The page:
1. Discuss three (3) different methods of effecting change. Use practical examples from your experience or knowledge, and describe your experience in implementing change.
Change will not be effortlessly implemented without an implementation plan or a framework. Change is often implemented in order to resolve issues, concerns, or setbacks to make situations or conditions more desirable. (National Defense University, 2008) It must then follow a process, called research, in order to identify what changes are to be made and how changes are to be implemented. The initial step is to identify the problem or the issue that is to be resolved through change.
Next, there should be sufficient background information that supports the pressing need for change. Then it is time to come up with several changes that are suited to solve the problem. Once the most important plan of change is determined, the question of how the change will be implemented should be answered. This includes the plan of action, rules and regulations, etc. Overall, the implementation plan abovementioned solidifies the need to implement change, and becomes a guide to direct an organization in realizing its goals by lessening confusion and ambiguity.
Another method to effect change is to involve everyone concerned. In this way, individuals easily accept and adapt to the changes lessening pressure, stress, confusion, and chaos. Moreover, information circulated for everyone involved should be clear, extensive, flexible, and reasonable. For instance, there is a need to revamp the structure of organization through reappointment. Therefore, laying out the reasons for such action is important. These reasons should be evenhanded and logical. Reappointing, hiring, or even laying off should also be reasonable and explicated to employees.
The change should also be open to pleas and petitions from employees with consideration to accomplishments, position, character, etc. The entire process is most effectively done through a meeting, with the aid of a well-researched and written report containing all necessary information. (Actalpha, 2008) In this way, change in the structure of the organization, as an example, is unquestionable and easily accepted due to facts. Personally, being informed about future changes makes it easy to accept expected results and outcomes, and lessens fear, resistance and difficulties to implement changes.
Lastly, it is most important to set rules to follow on how everyone is to observe the changes implemented. Consistency is vital in allowing effortless adaptation of changes and the facilitation of submission to these changes. Monitoring and supervision would assist in accomplishing this method of change management. (Caroll, 2008)
2. Why are most organizations and individuals resistant to change? What can managers do to facilitate change?
As the saying goes, change is inevitable. Although organizations cannot avoid having to implement changes every now and then, its members are more often than not resistant to change. This is because change is accompanied by adjustment and undeterminable outcomes. For organizations, resistance to change is mainly caused by the fear of loss or defeat once changes are implemented. (Bacal, 2008)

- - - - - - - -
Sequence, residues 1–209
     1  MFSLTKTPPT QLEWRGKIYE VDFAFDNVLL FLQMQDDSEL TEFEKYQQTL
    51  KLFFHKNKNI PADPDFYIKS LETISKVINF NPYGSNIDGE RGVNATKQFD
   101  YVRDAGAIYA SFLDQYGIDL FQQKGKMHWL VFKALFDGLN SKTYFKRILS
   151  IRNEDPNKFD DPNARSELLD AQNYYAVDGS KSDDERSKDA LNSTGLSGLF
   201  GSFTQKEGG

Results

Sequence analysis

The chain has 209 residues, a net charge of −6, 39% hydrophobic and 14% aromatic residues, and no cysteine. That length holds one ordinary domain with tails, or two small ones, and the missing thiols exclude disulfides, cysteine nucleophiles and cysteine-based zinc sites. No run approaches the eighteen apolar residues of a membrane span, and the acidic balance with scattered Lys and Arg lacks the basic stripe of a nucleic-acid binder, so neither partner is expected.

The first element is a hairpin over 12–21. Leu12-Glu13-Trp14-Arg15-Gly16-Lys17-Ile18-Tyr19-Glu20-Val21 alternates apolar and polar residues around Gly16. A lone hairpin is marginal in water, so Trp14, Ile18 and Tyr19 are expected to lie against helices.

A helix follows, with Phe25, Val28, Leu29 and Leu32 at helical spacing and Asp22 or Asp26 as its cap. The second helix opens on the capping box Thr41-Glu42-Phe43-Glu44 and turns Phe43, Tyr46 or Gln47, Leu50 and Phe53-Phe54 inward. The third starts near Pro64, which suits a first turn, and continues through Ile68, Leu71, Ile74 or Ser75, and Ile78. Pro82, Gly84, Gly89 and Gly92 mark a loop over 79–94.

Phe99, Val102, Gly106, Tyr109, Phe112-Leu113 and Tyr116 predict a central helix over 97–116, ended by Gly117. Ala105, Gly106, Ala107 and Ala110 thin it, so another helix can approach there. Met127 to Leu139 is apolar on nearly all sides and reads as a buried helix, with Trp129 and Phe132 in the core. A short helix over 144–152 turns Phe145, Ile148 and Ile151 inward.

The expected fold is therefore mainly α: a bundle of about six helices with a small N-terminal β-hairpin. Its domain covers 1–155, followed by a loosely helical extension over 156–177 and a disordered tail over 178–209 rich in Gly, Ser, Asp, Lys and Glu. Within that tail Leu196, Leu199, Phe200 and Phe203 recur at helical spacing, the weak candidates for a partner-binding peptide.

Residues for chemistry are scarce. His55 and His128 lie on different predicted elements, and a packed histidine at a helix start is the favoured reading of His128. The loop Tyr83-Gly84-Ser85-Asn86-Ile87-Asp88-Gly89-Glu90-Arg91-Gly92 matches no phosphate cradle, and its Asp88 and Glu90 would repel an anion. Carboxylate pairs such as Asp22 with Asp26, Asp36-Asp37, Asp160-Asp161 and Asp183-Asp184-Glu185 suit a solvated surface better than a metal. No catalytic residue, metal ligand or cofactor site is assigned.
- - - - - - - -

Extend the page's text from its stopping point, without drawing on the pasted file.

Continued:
Organizations and its members are driven by success and the accomplishment or realization of organizational goals and objectives. The primary purpose of change is to improve organizational structure and atmosphere; however, there is always the fear of failure or a letdown if changes that are implemented backfires and does not prove to be sufficient nor appropriate to develop and redirect the organizational situation.
To lessen these fears, ambiguity, or apprehensions regarding organizational changes, the manager should be able to utilize his command to facilitate change. As aforementioned in order to answer the previous question, managers should be able to assure the organization and its members that a change is necessary. Assessing all the aspects related to change is also needed. It is the most basic and the most important process in facilitating change. This is carried out through extensive research analysis, plan mapping, formulation of action plans or process maps, etc. These written reports and plans shall be distributed to everyone involved who will be affected by the planned changes to be implemented.
Once information is distributed to the members of the organization, managers should conduct a training program or a seminar workshop to initiate a discussion about the issues related to the type of change, and to prepare members of the organization for changes in roles and responsibilities, rules and regulations, salary, etc. through training and workshop. (Southeast Association of Facilitators, 2007) After the training program or seminar workshop, the management is now able to implement the changes formally. At this point, rules and regulations should be observed strictly and consistently in order to sustain the transition from the old to the new working situation or environment.
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